Learning about Cougars in Riverside State Park

It was a chilly, wet November morning when I met Bart George, lead wildlife biologist for the Kalispel Tribe, and his team to track a cougar not too far from my home in West Central. This particular tomcat had gained infamy in 2023 by stalking a mountain biker in Riverside State Park and became a prime candidate for George’s study. 

Over the last three years, George has been conducting a study to see if negative stimuli can change the habits of cougars that are too comfortable around people and livestock. George started this research after a frustrating year where he was asked by WDFW to help with the lethal removal of over 60 problem cougars. These cats had been hanging around people’s farms, sometimes for weeks before depredation occurred. George got to thinking that maybe they could be preemptive with these cats. Instead of waiting for them to kill a pet or livestock, maybe he could change their behavior.

The Riverside tomcat had gone through the control period of the study, where—after the cat was fitted with a GPS collar— George would approach it with a podcast playing from the speaker, mimicking the sounds of outdoor voices. He would record how close he could get before the cat would flush (leave its hiding place) and how much energy it would exert. 

This morning was the second of four times George would haze the cougar, the second part of the study. As we approached the tomcat, George switched on a speaker and watched his GPS unit. The cat started to move as we approached, but found a thicket of shrubs to hunker down in. We were able to get within 20 meters of the cat. Its cover was so thick, I was just able to make out its tawny fur and black-tipped tail as it silently slinked out its hiding place and took off to the north. 

Courtesy Adam Gebauer

We watched the handheld GPS unit to see it travel several hundred yards before it stopped again. At this point, George radioed his crew to release the five hound dogs that had been eagerly waiting back at the road. These dogs act as the harassment part of the study, adding a negative reinforcement to the sound of people.

The hounds come tearing through the brush toward us. As soon as they get the scent of the cougar, the morning stillness is over, and they go barking and baying on the trail. It is not long before the GPS unit shows the cougar and hounds are stopped at the same location. The cougar has been treed.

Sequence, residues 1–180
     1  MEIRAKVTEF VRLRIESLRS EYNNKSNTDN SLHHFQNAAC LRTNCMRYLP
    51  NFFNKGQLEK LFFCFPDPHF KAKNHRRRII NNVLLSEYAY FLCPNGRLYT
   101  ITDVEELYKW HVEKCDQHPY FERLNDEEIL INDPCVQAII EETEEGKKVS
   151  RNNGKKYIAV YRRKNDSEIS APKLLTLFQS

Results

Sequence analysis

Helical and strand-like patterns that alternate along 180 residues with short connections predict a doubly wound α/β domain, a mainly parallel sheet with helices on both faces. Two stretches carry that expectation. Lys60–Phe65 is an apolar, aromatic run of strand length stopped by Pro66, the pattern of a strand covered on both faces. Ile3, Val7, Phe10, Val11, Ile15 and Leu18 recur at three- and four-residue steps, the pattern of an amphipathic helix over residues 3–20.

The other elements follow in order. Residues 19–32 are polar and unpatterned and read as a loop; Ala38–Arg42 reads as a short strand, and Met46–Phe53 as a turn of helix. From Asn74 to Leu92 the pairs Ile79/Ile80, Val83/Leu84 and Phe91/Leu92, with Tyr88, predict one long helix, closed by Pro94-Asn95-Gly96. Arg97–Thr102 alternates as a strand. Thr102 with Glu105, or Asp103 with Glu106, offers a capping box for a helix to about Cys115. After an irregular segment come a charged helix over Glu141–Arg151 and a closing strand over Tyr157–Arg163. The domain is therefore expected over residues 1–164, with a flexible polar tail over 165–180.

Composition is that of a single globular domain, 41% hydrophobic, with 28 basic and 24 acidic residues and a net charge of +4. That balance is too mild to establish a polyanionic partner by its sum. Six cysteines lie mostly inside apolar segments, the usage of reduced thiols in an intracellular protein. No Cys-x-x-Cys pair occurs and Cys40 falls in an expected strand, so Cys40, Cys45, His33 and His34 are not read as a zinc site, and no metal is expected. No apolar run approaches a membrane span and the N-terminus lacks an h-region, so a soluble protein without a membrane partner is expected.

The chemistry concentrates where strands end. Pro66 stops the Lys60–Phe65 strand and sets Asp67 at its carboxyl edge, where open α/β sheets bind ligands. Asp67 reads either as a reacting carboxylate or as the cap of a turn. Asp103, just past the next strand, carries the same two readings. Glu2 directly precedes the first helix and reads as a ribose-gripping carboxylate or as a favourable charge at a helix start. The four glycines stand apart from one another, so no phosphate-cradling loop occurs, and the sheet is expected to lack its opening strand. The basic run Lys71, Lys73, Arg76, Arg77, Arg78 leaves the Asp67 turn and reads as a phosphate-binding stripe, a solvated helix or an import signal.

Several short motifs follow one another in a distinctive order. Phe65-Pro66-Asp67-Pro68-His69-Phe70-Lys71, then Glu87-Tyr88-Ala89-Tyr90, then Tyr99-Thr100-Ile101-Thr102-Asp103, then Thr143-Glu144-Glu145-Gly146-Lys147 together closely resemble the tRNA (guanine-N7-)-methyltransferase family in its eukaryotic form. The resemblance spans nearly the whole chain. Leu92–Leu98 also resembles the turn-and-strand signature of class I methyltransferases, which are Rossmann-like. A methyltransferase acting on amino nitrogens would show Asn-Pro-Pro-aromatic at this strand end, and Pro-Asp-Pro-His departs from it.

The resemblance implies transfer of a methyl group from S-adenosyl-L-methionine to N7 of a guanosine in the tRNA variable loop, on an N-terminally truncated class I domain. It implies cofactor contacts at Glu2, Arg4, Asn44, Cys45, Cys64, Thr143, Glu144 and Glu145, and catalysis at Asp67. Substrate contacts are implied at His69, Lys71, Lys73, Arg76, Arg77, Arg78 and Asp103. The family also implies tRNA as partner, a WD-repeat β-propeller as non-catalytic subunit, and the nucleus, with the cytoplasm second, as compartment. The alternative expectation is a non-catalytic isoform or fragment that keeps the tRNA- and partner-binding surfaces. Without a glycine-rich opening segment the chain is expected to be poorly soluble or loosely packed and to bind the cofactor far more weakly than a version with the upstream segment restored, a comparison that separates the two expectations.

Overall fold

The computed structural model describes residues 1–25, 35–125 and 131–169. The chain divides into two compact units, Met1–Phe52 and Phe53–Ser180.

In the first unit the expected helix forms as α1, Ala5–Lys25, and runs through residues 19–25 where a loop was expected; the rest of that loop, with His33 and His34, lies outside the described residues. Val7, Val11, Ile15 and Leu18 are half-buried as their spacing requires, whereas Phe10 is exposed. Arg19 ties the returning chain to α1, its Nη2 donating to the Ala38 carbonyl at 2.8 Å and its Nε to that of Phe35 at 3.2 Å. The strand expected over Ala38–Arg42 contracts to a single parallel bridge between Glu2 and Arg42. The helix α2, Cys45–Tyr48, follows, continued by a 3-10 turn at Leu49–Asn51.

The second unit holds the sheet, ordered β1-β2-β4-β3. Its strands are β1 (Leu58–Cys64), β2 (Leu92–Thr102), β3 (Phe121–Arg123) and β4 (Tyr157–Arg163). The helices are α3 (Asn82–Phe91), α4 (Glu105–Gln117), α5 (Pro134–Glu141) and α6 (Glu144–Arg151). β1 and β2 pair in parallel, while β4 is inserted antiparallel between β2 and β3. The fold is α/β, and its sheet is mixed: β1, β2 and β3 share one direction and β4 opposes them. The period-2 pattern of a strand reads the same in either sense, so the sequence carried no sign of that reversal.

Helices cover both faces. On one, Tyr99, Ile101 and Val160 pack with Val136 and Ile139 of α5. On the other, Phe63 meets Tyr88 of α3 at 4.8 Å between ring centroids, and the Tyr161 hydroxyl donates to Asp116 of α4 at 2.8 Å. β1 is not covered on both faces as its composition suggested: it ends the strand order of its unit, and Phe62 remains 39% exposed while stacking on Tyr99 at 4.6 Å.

We find the cat in a lone ponderosa pine near the top of a basalt hill. The cat has only gone 20 feet up, which gives us a great view, especially when we are on top of the hill near eye level. The cougar definitely does not look happy, pacing on the branches and hissing, but that is in part the goal of the study.

In the two times they have handled this cougar, George has found porcupine quills in its belly and has tried to remove as many as possible. There is no shortage of prey in Riverside State Park and cougars are one of the few animals that will actively hunt porcupines. Cougars and other large carnivores play a key role in ecosystems, balancing prey populations and dispersing smaller carnivores and herbivores across the landscape—both of which help reduce disease outbreak and improve habitat function. Cougars will also maintain their range from competition from other large predators, and it is probably better if a hazed cat who is weary of people chooses to share our trail system.

George acknowledges that there are probably cougars anywhere that they can find prey and shelter in Eastern Washington, but cougar interactions with humans are still extremely rare. If approached by a cougar, it is important to not run. Instead, try to make yourself look as big as possible by raising a coat or backpack over your head, and yell and throw things—basically, try to intimidate the cat.

George will be compiling the data from his study this spring, but his preliminary findings are that the cougars that go through this study flush sooner and flee faster, changing their behavior to discourage interaction with humans. He is hopeful that this process of harassment can prevent cats from getting into situations where lethal removal is necessary. //

Adam Gebauer works in regional conservation. He’ll be looking for tracks while he’s making his own tracks on snowy adventures this winter.  

Cover photo courtesy Adam Gebauer

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